The Future of Enterprise Networking and Security

If you’re going to ask a customer a question, ask them a proper one!

You can’t get much bigger than looking at the future of enterprise networking and security, but that’s what a recent survey by Cato Networks – the results of which have just been announced – focused on. This latest annual survey from the SASE vendor specifically posed this question to over 2,300 companies: “The Future of Enterprise Networking and Security: Are You Ready for the Next Leap?”

Given the state of (non) play over the past 12 months, and that ongoing situation, a question such as this – which would carry serious weight at any time – is more meaningful than ever. I spoke at a recent webinar for a client about the importance of businesses needing to be ready for change, possibly as their only means of survival, and how the old two-, five- and 10-year plans were now absolutely history. I also talked about how “the new norm” as it was seen, such as home/remote working would indeed become the norm (and should have been decades ago) but wouldn’t be without its challenges, not least on the security front.

It’s therefore reassuring to see the results of the survey support my thoughts. Headline takeaways from the survey were:

Enterprises will continue working remotely: A mere seven percent of respondents indicated that they planned for everyone to move back to the office at a given moment in time, while 80% indicated their companies will continue with a remote workforce in whole or in part.

Securing the remote workforce is proving challenging: Enforcing corporate security policies on remote users was the second most common security challenge (according to 58% of respondents). A similar percentage indicated they lacked the time and resources to implement recognised security best practices. Boosting remote access performance remains the most popular use case for 2021 according to 47% of respondents, which will delight my clients Richmond Systems and Aritari!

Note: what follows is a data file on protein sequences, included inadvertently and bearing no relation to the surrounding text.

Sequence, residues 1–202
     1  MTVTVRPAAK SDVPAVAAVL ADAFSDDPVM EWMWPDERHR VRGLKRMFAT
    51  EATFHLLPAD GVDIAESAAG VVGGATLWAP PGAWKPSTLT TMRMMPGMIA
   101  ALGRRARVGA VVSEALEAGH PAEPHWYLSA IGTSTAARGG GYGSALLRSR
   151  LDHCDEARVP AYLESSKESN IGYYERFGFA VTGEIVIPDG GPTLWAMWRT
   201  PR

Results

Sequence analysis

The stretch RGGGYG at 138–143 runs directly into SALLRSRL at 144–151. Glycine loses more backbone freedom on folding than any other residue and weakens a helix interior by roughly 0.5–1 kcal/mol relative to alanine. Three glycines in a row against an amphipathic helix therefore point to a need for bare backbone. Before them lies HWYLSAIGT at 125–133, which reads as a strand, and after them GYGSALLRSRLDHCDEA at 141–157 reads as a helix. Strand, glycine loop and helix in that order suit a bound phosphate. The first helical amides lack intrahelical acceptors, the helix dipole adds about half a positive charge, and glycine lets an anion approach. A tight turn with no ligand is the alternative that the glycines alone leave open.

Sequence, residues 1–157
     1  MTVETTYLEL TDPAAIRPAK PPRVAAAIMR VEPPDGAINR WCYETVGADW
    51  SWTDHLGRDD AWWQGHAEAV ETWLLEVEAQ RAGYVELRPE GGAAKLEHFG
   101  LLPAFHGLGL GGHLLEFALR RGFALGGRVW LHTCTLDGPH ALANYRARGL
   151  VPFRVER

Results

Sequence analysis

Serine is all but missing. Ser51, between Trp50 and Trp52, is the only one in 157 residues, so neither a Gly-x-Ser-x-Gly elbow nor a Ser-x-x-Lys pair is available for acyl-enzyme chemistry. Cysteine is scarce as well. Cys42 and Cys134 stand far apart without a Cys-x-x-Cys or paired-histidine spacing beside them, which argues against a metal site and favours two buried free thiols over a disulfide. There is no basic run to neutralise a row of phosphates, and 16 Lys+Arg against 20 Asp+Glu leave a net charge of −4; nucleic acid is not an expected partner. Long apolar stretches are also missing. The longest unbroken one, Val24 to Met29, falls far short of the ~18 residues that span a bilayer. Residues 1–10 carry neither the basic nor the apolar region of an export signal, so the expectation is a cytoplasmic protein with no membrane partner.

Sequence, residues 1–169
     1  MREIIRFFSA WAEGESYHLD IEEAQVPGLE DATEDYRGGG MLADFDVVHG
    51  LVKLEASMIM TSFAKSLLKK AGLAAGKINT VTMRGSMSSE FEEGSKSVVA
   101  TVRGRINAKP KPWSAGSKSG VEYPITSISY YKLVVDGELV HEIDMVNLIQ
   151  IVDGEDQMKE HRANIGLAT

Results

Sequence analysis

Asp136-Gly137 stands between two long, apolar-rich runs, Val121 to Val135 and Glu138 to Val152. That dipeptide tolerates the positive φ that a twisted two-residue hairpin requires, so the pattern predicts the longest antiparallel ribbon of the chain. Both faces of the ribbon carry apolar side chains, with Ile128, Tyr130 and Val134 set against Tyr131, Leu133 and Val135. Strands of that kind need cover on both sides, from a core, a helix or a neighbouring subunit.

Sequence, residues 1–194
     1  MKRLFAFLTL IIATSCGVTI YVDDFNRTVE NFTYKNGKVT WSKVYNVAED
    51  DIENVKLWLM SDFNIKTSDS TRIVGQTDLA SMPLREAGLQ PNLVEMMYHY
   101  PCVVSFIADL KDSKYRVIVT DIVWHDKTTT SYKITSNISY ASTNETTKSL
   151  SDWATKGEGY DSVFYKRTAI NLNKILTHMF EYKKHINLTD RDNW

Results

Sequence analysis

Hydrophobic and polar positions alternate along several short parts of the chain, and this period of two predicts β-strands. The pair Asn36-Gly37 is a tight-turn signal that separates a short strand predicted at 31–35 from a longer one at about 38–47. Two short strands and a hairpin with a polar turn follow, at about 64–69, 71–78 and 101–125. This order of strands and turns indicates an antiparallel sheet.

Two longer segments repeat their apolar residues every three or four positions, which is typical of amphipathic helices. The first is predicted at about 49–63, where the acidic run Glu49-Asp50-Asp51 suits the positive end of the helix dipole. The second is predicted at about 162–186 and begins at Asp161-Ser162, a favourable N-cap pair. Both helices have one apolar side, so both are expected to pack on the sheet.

SASE in focus for enterprises in post-pandemic 2021: 91% of respondents expect SASE to simplify management and security, while just over half of the respondents indicated that SASE would be very/extremely important to their businesses post COVID-19. As a sidebar here, of those who’ve already adopted SASE, 86% of respondents experienced increased security as a result of that adoption.

Each of these highlighted areas merits a focused blog, but we’ll start with the remote working angle. There are three basic aspects here: performance, security and support. Talk of the “giant LAN” dates back to the 90s, but the premise holds strong – users expect the same experience working from home as they would in the office. The problem here is when trying to secure those connections using the old system of backhauling traffic to a location for security inspection, which immediately adds dreaded latency to those connections which, in turn, undermines that remote user experience. And there are always back door opportunities to exploit, as this blog from the end of last year notes all too well:


The survey noted a massive investment in scaling VPN resources (72%) during the pandemic (which will again delight aforementioned Aritari) but, in line with this, the survey noted that boosting remote access performance remains the most popular use case confronting IT in 2021 (47%). What is significant here is that, in last year’s survey by Cato, this proved to be the least popular use case – now that’s a change in mindset!

Supporting that remote user base is also proving tricky, with implementing a satisfactory level of security being overly time-challenging (57% of respondents), while one third of those surveyed noted that even fundamental housekeeping such as timely patch deployment was proving challenging. Here is where the importance – for me – of a support overlay such as remote control becomes a fundamental requirement. Again, not that there’s anything new here – I was using this tech back in the mid-80s – but its value has now risen beyond all previous benchmarks.  And the rules here are simple enough: a 24×7 service, that’s secure, that’s simple, that’s multi-platform, that’s non-intrusive if required at the user end and interactive as required. The virtual support bod equating to physically visiting an ailing user not only covers off a lot of technical requirements, but it also acts as the personal comfort blanket that many users still need, but that is rarely considered in technical appraisals.

As I noted, I will be looking in more detail at other aspects of this survey in future blogs, but for those looking for more direct info from said survey, here’s a link to more detail:








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